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“Flat feet” or fallen arches, is when the base of your feet drops so the complete sole of the foot has contact with the floor or bottom of the shoe when standing or walking. The “normal” or ideal foot has a raised arch on the inside of both feet. The correct way to measure this is in a weight bearing position.
Roughly 20-30% of the population’s arches don’t develop completely, on either or both feet. Children and infants don’t have arches, but as they grow and the foot is utilized more, the arch will form, strengthen and develop. Your feet are designed to adapt. I have seen photo’s of a lady that wore ballet type shoes her entire life and her feet became deformed in the shape of the shoes. It amazed me that the feet would take on this round shape, and will conform their shape to the shoes you put them in. Wearing shoes like sandals and slippers that offer no arch support can end up flattening your arches. Flat feet may also be due to wearing high heels.
( The Achilles heel shortens and tightens making the ankle not bend properly and leaves the arch to pick up the slack. ) Having flat feet doesn’t reduce running speed, or hamper effectiveness of your feet, but may cause discomfort. When there’s no arch in your foot, the natural shock absorption is missing and the of other parts of your feet have to compensate. This will create discomfort in the legs or back thanks to the load on the calves. Fallen arches can also lead straight to Plantar Fasciitis, which can occur when the base of the feet stretches too far and starts to tear or becomes inflamed. In a number of cases of flat feet, the base of the foot will become stiff. Flat feet have also been associated with pronation, or the foot turning too far inward. The foot naturally makes this movement while walking, however it is thought to be an illness when the foot rolls inward too far, throwing your feet out of whack and alignment.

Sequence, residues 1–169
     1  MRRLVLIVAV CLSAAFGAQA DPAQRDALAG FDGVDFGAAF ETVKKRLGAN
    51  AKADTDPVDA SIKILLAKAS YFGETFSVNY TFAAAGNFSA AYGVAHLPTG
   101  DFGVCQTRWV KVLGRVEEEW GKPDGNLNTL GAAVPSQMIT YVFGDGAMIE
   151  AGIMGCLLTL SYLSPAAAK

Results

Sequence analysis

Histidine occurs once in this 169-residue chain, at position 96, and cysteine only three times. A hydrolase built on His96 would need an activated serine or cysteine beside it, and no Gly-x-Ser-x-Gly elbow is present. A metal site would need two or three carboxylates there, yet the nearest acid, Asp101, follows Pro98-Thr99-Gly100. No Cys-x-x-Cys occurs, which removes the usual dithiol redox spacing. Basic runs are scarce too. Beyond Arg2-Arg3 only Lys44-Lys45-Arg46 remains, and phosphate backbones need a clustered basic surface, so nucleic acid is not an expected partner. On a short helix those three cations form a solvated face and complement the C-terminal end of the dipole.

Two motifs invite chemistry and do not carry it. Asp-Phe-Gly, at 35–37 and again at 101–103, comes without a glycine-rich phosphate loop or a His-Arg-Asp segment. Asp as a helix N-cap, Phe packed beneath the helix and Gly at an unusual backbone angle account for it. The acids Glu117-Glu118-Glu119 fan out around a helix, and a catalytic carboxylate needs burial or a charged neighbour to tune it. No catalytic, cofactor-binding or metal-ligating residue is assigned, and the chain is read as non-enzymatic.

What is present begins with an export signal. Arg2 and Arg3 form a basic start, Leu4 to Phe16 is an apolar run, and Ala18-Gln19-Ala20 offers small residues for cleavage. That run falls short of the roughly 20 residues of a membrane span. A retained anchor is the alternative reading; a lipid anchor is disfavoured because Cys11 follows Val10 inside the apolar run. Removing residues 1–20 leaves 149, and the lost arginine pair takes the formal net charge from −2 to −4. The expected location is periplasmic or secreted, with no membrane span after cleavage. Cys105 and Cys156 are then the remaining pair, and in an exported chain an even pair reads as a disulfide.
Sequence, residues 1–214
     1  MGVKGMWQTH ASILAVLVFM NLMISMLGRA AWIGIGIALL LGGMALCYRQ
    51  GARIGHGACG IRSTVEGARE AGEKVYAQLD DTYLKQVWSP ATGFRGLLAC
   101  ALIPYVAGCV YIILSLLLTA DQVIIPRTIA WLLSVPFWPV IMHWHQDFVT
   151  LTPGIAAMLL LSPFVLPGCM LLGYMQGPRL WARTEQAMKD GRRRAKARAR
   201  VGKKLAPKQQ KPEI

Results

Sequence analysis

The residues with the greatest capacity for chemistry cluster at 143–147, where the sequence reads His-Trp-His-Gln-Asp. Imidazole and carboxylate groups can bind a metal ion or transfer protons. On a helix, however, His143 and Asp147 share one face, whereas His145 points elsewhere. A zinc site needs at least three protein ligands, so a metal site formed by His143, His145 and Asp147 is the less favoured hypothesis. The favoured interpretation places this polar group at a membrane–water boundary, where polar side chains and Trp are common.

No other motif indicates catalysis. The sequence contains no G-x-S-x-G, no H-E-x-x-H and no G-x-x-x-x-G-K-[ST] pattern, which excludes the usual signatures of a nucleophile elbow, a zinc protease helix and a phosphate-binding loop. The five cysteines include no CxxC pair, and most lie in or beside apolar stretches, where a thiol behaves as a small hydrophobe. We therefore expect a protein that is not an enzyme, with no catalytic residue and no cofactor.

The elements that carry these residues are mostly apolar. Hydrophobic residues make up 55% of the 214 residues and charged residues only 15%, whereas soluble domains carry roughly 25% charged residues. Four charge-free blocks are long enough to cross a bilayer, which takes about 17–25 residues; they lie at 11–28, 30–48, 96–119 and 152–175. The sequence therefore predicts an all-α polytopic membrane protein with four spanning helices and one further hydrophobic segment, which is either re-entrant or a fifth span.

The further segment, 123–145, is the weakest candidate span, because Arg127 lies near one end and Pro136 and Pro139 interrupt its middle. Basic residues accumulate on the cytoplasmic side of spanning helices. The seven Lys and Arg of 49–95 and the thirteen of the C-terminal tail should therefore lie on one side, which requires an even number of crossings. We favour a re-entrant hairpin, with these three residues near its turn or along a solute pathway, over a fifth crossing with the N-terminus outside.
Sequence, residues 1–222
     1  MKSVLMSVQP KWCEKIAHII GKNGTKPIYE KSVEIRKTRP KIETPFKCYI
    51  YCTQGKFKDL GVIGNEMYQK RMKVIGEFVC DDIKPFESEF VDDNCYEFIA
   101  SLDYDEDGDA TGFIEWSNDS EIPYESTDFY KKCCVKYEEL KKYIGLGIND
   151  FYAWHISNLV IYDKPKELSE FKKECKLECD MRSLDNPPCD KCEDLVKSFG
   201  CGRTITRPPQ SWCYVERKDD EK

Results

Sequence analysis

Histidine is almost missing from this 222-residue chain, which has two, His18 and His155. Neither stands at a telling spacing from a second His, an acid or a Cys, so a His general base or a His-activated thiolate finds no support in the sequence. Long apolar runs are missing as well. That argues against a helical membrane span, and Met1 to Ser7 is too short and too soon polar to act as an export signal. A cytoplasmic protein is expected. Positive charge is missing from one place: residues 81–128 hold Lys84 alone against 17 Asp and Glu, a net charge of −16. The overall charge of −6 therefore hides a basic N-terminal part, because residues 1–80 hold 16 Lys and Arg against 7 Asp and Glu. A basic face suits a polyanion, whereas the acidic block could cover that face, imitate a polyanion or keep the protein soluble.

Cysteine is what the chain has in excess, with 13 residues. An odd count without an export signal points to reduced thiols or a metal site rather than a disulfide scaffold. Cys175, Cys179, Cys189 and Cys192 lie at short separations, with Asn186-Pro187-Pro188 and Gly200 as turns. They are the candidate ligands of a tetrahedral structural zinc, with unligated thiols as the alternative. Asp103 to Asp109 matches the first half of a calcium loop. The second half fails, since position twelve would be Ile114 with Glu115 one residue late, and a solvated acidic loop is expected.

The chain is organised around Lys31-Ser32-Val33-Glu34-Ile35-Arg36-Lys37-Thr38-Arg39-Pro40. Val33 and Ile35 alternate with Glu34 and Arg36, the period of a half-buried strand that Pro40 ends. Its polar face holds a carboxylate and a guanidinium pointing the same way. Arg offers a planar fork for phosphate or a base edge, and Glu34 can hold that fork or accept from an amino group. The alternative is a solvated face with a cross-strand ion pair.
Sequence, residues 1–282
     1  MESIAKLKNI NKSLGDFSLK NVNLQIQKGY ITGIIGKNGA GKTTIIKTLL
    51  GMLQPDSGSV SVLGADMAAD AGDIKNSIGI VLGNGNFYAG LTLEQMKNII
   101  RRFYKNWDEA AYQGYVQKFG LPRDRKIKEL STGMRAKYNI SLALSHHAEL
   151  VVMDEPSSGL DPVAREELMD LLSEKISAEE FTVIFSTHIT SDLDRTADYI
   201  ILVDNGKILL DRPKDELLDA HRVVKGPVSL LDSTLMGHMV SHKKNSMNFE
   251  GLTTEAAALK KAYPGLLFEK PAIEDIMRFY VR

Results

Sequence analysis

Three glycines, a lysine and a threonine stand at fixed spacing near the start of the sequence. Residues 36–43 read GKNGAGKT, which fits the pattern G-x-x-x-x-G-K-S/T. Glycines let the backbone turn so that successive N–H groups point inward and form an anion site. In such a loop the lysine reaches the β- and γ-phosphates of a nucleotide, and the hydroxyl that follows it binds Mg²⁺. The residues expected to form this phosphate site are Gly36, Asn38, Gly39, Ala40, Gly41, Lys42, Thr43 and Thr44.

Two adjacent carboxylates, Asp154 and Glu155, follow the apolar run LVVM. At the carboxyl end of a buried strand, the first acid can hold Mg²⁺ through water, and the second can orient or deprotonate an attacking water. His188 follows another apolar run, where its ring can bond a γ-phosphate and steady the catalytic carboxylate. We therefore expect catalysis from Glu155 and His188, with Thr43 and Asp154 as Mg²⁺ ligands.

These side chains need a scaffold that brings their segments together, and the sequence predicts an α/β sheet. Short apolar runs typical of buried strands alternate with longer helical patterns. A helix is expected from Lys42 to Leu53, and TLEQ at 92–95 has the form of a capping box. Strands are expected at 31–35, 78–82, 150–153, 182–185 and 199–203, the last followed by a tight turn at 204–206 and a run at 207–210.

What can be done about your flat feet? Arch supports can provide help with the foot pain linked with low or no arches. Arch supports raise the fallen arch and support the foot in the position it was intended to be in. Your weight is also shared correctly across your feet. It’s critical to get your arch supports fitted as you stand in a weight bearing position. Most podiatrists measure your feet when you lay down and then they cast your feet. This does not correctly allow for your weight bearing position. Only VFAS (vertical foot alignment system) used by the foot alignment clinic is able to correctly measure and correct your stance in a weight bearing position. Supports acquired over the Net or in a pharmacy don’t take under consideration your private foot makeup in a weight bearing position.
Your shoe size isn’t your arch size. You can both wear a size nine shoe, but have drastically different desires in arch supports. When you go to the foot alignment clinic, do not forget to bring in the shoes you wear the most. You do not have to live with foot, leg and back stiffness! Get back to enjoying those activities you used to like doing.